Earlier this fall I had the opportunity to do a family photo shoot in Central Park. I’ve talked about family photography tips here on the blog before, and I’ve even written an article over at Digital Photography School about it. Between kids running around and parents wanting to get the perfect shot for their holiday card, there’s no doubt that family photography is stressful. But, like anything, the more you do it, the easier it gets.
I recently picked up an Olympus OM-D E-M5 Mark II, so for this session I was able to use my original OM-D E-M5 and the new Mark II, paired with the Olympus 25mm f/1.8 on one and the Olympus 45mm f/1.8 on the other. I also picked up a Black Rapid Yeti Dual Camera Sling Strap. I was hesitant to buy a specialty strap like this, thinking that I could handle two bodies just using traditional straps, but it was an excellent decision. The strap is super comfortable and allowed be to move quickly and seamlessly between the two camera bodies.
Related: Olympus 25mm f/1.8 Review
Related: Olympus 45mm f/1.8 Review
For this shoot it was imperative that I gave a lot of thought to the amount of gear that I was carrying with me, since I wasn’t driving, but rather taking a bus down to New York City. I knew that I would need to carry whatever gear I had with me on my back, as well as carry whatever backpack I was using during the entire shoot. Luckily I was reviewing the Lowepro Slingshot Edge 150 at the time, which proved to be the perfect backpack for this circumstance. I could easily fit two Olympus OM-D bodies and the two primes, the Black Rapid strap as well as extra batteries and cards, with plenty of room to spare. Since the Slingshot Edge is a small bag designed for mirrorless cameras, I was able to wear it throughout the shoot with no problem of it getting in the way.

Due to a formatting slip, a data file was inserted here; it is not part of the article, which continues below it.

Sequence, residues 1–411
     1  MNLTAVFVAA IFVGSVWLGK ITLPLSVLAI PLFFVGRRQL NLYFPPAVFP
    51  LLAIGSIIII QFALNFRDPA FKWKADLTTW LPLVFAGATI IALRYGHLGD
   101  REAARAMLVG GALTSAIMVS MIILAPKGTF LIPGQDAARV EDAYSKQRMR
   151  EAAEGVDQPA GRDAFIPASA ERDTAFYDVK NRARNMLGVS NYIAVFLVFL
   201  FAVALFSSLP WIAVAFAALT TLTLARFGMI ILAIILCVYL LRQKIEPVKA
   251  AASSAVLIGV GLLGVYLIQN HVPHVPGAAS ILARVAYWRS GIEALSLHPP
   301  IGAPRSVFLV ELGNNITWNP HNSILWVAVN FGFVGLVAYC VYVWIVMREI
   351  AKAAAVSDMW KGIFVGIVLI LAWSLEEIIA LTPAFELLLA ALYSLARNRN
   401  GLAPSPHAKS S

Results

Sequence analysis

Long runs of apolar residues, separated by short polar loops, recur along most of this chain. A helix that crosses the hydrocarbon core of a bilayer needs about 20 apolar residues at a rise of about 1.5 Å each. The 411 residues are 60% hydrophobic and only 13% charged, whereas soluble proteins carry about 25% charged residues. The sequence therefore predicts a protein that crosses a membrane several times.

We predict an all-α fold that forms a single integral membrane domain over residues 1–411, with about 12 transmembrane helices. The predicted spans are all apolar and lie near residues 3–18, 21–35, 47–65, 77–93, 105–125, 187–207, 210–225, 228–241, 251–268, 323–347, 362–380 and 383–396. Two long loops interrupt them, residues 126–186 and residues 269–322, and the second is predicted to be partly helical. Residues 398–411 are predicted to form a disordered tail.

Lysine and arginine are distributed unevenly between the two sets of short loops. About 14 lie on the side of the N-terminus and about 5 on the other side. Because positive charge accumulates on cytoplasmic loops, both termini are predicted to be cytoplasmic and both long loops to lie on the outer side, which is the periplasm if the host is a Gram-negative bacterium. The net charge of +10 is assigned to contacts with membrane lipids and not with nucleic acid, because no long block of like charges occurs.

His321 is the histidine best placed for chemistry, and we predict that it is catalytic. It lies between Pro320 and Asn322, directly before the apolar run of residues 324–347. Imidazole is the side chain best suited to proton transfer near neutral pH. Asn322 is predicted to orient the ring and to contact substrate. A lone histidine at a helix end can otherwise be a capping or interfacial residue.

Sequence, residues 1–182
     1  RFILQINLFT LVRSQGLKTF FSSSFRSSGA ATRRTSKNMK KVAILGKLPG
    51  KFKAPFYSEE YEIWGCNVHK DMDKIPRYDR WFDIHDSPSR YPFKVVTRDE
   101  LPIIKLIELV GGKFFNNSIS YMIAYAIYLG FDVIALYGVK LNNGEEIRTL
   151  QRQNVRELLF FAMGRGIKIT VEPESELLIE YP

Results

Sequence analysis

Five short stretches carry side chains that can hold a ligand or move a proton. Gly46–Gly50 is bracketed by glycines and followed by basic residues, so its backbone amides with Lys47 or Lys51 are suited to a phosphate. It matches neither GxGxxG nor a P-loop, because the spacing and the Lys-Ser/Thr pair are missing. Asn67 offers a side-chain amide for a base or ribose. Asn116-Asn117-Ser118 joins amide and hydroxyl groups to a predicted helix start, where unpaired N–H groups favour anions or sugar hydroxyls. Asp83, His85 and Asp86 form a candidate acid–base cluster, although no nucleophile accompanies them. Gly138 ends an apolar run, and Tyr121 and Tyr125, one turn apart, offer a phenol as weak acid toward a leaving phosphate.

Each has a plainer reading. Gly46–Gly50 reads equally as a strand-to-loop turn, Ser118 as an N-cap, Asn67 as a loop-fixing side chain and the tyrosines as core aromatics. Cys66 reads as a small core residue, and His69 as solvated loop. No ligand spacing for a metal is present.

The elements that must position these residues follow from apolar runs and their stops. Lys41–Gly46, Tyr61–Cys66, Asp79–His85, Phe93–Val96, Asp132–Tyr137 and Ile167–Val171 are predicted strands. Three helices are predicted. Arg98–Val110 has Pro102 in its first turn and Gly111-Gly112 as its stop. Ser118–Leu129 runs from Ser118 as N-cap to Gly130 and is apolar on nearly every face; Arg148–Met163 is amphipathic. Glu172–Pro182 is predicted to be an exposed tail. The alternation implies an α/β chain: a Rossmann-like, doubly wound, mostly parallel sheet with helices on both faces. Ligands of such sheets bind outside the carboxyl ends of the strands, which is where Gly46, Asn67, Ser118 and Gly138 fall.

Related: Lowepro Slingshot Edge 150 Review
In the past I may have brought a number of lenses with me for a shoot like this, always worried about not having the right one on the camera at the right time. This time I made my choices very easy by just sticking with 2 primes. In general, I find that the Olympus 25mm f/1.8 is plenty wide enough to capture people and some of the surrounding scene (and if it’s not, just take a few steps back) and the Olympus 45mm f/1.8 is the best for portraits or just a tighter crop with a shallower depth of field. Since I made the decision that “these are the two lenses I’m shooting with”, the entire session was low stress and had less second guessing myself than in the past. Here are some of my favorites from the shoot.
Have you done family photo sessions with mirrorless or micro four thirds cameras? Do you have “go to” or favorite lenses for jobs like these? Let me know in the comments!
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